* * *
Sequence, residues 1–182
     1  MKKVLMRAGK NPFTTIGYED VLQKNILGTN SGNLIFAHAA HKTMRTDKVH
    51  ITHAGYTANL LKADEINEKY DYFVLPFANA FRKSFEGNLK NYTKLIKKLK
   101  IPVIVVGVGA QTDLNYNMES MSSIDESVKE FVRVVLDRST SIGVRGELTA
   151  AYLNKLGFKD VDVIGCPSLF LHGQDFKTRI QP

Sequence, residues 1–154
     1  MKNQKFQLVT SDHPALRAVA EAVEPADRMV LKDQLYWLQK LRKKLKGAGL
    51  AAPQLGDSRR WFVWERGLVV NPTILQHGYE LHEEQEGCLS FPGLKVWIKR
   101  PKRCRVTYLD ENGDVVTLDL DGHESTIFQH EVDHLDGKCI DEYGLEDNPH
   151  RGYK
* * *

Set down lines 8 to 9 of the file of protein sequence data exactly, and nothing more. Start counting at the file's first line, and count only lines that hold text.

    51  AAPQLGDSRR WFVWERGLVV NPTILQHGYE LHEEQEGCLS FPGLKVWIKR
   101  PKRCRVTYLD ENGDVVTLDL DGHESTIFQH EVDHLDGKCI DEYGLEDNPH